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One in four people will suffer from, or be touched by, a mental health issue at some point in their lives
Vocabulary. Read and check you understand this before you read and listen to the article:
platform (n): space where a cause can be promoted.
pop-ups (n): temporary shops which suddenly appear.
toolkit (n): set of tools needed for a job or task.
charities (n): bodies which collect & distribute money to those in need.
conspirator (n): a person who participates in a conspiracy.
donate (v): to give money or goods to a good cause. marshmallows (n): a spongy sweet confection.
The Depressed Cake Shop is a unique (and delicious) platform designed to raise awareness of these challenges. With the help of its co-conspirators, it hosts pop-ups worldwide that sell highly customised baked goods as a way to get people talking about mental illness.
The organisation provides a safe place for conversation and a unique toolkit that enables interested bakers and organisers to raise funds for mental health charities through locally organised pop-ups.
What is the origin of the Depressed Cake Shop?
In the summer of 2013, Emma Thomas, a creative director and P.R. specialist in the United Kingdom, conceived a project called the Depressed Cake Shop. One in four people will suffer from mental health issues at some point in their lives. The Depressed Cake Shop was created as a unique (and delicious) platform to raise awareness and discuss these issues while raising money for local mental health charities.
Emma’s brief was very specific — the cakes had to be grey, but could have a spot of colour to symbolise hope. Her astute intuition was that this would ensure that the concept stood out from the countless charity fundraisers that take place each year.
It was very successful and received attention throughout the United Kingdom. It also created an active community of bakers and organisers who joined a Facebook group and were inspired to create pop-ups of their own.
Then, something magical happened. The concept did not end with that first pop-up, the bakers and organisers kept going. Shops popped up in San Francisco, Los Angeles, Glasgow, Houston, Seattle, Kuala Lumpur, Atlanta, Australia and India (just to name a few).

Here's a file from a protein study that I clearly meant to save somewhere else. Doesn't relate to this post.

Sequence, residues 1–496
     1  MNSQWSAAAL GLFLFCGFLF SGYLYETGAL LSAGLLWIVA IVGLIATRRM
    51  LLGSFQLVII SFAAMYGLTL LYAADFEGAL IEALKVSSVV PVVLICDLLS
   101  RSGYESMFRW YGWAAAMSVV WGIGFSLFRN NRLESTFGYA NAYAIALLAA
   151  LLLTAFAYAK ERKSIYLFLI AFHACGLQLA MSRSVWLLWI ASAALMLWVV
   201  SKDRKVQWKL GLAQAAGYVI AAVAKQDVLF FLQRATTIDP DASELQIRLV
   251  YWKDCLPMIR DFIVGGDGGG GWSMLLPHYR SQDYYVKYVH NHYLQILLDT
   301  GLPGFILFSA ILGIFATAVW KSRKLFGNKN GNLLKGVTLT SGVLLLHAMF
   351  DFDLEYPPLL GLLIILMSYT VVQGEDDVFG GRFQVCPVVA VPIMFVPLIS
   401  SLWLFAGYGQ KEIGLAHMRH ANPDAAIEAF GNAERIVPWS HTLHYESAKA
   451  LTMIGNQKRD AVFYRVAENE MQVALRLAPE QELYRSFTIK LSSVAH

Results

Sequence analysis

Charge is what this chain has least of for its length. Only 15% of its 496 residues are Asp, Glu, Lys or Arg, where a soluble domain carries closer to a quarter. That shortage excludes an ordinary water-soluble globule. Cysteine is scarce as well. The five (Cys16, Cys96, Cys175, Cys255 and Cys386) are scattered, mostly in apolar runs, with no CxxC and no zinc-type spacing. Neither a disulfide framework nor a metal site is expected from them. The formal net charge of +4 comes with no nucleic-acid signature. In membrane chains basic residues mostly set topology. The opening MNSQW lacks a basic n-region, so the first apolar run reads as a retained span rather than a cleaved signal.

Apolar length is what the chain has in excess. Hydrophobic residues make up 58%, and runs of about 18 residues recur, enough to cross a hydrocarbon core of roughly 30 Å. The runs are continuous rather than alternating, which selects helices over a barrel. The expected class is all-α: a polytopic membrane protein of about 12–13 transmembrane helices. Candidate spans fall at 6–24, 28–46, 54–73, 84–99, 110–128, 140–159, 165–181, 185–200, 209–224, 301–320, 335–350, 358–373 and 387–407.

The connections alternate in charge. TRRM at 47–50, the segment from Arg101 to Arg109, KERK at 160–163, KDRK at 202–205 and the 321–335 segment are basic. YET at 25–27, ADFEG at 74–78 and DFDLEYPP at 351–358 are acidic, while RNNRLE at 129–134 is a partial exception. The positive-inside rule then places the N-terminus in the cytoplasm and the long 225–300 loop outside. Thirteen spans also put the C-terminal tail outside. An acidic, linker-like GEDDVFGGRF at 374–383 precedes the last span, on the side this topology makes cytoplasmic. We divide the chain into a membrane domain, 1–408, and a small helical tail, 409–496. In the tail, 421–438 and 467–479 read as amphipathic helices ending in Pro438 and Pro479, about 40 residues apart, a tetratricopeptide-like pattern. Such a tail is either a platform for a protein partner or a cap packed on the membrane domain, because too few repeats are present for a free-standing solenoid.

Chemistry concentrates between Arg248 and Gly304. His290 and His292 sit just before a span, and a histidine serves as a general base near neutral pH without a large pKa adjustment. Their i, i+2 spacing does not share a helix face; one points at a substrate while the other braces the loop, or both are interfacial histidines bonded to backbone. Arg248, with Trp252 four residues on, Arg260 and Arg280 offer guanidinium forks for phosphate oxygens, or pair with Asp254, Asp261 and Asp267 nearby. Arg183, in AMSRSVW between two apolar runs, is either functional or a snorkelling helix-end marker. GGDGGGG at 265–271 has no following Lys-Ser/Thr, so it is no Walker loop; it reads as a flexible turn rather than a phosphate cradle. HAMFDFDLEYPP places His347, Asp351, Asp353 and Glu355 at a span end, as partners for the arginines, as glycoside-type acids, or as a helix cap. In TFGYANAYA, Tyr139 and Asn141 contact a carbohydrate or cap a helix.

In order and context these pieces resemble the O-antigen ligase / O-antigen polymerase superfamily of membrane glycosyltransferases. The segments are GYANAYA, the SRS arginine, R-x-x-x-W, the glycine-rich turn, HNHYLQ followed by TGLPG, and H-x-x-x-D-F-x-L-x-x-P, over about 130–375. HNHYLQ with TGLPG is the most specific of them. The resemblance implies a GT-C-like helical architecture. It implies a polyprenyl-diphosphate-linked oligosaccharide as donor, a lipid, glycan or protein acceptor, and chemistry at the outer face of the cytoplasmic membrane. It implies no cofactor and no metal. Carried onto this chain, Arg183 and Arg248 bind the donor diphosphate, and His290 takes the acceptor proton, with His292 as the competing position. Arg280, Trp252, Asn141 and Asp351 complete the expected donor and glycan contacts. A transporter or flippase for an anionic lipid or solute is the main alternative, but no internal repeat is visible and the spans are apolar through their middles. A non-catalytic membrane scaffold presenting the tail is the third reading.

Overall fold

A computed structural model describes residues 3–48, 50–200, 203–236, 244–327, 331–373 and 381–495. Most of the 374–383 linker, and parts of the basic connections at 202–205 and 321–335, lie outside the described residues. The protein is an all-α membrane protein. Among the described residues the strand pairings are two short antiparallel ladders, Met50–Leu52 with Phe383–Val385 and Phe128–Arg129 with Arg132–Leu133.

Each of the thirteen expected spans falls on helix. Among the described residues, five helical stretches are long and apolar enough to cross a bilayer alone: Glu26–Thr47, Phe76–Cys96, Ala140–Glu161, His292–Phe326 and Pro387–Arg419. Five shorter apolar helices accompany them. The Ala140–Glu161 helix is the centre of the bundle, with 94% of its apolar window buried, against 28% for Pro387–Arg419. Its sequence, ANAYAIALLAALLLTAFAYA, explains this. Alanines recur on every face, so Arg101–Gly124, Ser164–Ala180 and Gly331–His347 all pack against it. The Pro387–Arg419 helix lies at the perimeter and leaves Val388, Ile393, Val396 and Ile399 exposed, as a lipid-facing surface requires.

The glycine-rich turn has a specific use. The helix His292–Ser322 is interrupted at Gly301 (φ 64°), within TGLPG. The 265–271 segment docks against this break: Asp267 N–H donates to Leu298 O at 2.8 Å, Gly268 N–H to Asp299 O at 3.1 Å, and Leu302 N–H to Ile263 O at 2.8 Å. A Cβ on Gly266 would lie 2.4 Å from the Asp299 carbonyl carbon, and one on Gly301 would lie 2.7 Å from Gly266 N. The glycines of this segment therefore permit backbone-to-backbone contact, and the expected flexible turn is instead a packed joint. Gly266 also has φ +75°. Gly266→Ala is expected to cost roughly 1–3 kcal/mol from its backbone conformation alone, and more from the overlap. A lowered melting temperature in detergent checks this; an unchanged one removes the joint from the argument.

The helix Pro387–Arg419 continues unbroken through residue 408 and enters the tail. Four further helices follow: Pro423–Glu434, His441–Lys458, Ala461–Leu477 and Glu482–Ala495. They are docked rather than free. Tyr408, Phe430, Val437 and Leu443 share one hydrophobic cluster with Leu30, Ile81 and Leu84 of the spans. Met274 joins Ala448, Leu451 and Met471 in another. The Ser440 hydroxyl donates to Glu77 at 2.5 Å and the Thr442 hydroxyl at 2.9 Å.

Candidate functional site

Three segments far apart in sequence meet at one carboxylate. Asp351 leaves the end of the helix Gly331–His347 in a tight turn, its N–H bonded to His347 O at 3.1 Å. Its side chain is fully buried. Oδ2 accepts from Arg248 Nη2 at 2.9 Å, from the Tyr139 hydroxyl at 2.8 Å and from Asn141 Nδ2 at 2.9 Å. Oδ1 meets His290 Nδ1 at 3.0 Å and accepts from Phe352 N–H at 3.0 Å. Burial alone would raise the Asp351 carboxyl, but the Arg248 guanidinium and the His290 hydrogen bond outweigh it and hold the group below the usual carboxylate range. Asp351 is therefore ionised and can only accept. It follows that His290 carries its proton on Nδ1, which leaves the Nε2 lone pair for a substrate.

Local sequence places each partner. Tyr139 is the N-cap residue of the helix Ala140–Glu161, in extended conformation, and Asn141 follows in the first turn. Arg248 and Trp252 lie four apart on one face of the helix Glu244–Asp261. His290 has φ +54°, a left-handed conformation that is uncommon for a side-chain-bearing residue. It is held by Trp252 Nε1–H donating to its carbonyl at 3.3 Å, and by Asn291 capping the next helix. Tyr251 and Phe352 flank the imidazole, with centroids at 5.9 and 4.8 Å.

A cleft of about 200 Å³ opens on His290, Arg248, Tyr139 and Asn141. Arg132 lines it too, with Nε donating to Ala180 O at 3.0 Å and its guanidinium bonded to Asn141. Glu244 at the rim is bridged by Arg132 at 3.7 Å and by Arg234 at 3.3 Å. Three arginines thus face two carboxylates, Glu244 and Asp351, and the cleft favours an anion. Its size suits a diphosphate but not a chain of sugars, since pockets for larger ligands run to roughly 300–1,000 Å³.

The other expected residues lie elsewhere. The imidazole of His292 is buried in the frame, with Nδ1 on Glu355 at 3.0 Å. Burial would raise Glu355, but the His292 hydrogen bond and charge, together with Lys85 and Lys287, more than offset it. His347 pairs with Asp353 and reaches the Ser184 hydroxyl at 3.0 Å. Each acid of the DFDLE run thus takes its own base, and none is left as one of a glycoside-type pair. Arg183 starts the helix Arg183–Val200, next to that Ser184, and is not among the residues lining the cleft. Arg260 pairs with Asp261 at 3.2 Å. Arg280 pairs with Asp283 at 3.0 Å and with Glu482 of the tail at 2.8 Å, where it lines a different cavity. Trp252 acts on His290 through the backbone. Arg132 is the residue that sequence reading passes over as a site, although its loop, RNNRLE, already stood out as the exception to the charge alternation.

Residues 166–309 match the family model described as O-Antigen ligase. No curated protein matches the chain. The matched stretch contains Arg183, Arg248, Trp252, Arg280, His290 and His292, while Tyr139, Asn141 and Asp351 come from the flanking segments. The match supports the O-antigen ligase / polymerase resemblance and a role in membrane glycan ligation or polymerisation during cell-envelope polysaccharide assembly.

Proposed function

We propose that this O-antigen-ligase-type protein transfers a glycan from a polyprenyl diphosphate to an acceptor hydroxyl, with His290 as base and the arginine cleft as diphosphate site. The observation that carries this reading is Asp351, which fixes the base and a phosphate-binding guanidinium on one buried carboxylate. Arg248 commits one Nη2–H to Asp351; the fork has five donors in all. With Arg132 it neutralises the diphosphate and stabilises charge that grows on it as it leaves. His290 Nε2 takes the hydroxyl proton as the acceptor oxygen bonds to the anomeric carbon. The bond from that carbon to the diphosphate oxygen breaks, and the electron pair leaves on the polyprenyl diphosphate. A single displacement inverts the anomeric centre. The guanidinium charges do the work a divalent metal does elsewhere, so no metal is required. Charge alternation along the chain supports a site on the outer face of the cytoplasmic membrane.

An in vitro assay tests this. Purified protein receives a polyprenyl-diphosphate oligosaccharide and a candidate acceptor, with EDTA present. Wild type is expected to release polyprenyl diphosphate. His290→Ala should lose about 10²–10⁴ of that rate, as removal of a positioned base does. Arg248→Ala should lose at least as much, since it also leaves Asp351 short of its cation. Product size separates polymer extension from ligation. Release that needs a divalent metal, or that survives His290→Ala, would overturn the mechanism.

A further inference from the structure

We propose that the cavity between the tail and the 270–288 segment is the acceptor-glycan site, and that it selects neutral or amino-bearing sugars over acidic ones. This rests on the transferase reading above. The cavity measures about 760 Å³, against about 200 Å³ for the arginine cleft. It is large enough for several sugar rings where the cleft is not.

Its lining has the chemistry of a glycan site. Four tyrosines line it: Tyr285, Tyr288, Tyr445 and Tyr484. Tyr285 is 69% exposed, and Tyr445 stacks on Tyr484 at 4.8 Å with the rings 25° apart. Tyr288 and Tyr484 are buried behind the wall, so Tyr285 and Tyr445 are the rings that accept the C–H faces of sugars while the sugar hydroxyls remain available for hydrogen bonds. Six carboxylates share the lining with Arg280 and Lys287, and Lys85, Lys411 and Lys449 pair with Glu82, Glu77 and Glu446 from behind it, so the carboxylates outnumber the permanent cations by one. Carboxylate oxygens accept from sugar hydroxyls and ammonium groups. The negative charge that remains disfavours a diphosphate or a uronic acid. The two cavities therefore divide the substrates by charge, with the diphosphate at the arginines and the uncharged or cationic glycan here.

Many of the cakes were designed and donated by bakers who had personal experience with depression, and they used their creations to express their struggles with and experiences of their illnesses. Others were compelled to join because they had seen friends and family members suffering and wanted to be part of a solution. The committed co-conspirators who have kept the Depressed Cake Shop movement alive are continually looking for new opportunities to change the conversation around mental health one grey cake at a time.
What does involvement entail?
When a baker becomes involved with the Depressed Cake Shop there is only one requirement, that the baked goods you donate have an element of grey to signify the grey cloud that can descend over a beautiful world when someone is struggling with mental health issues.
The Depressed Cake Shop welcomes any type of donated baked good, and its shops have become a wonderful and curated collection ranging from professional bakers with store fronts, to licensed home bakers, to people who bake as a hobby and just want to be involved.
The organisation asks that contributors avoid using nuts as so many people are seriously allergic to them. Other than that, volunteers can make a cake to be sold in its entirety or by the slice, cake pops, cupcakes, or cookies. Some people have made custom marshmallows, ‘misfortune cookies,’ pies, chocolate covered Oreos. The only limit is the contributors’ imagination.
A list of ingredients should be provided, as well as the type and flavour of the item. A fun name is great too. Vegan and gluten free items are also welcome as customers often request them.
“Let’s chat about that!”
- What is the Depressed Cake Shop?
- How did it get started?
- What happens to the money collected?
- How can making cakes help with depression?
- Could it catch on here?
- If you are feeling down do you eat (or do) something special?
Adapted from Depressed Cake Shop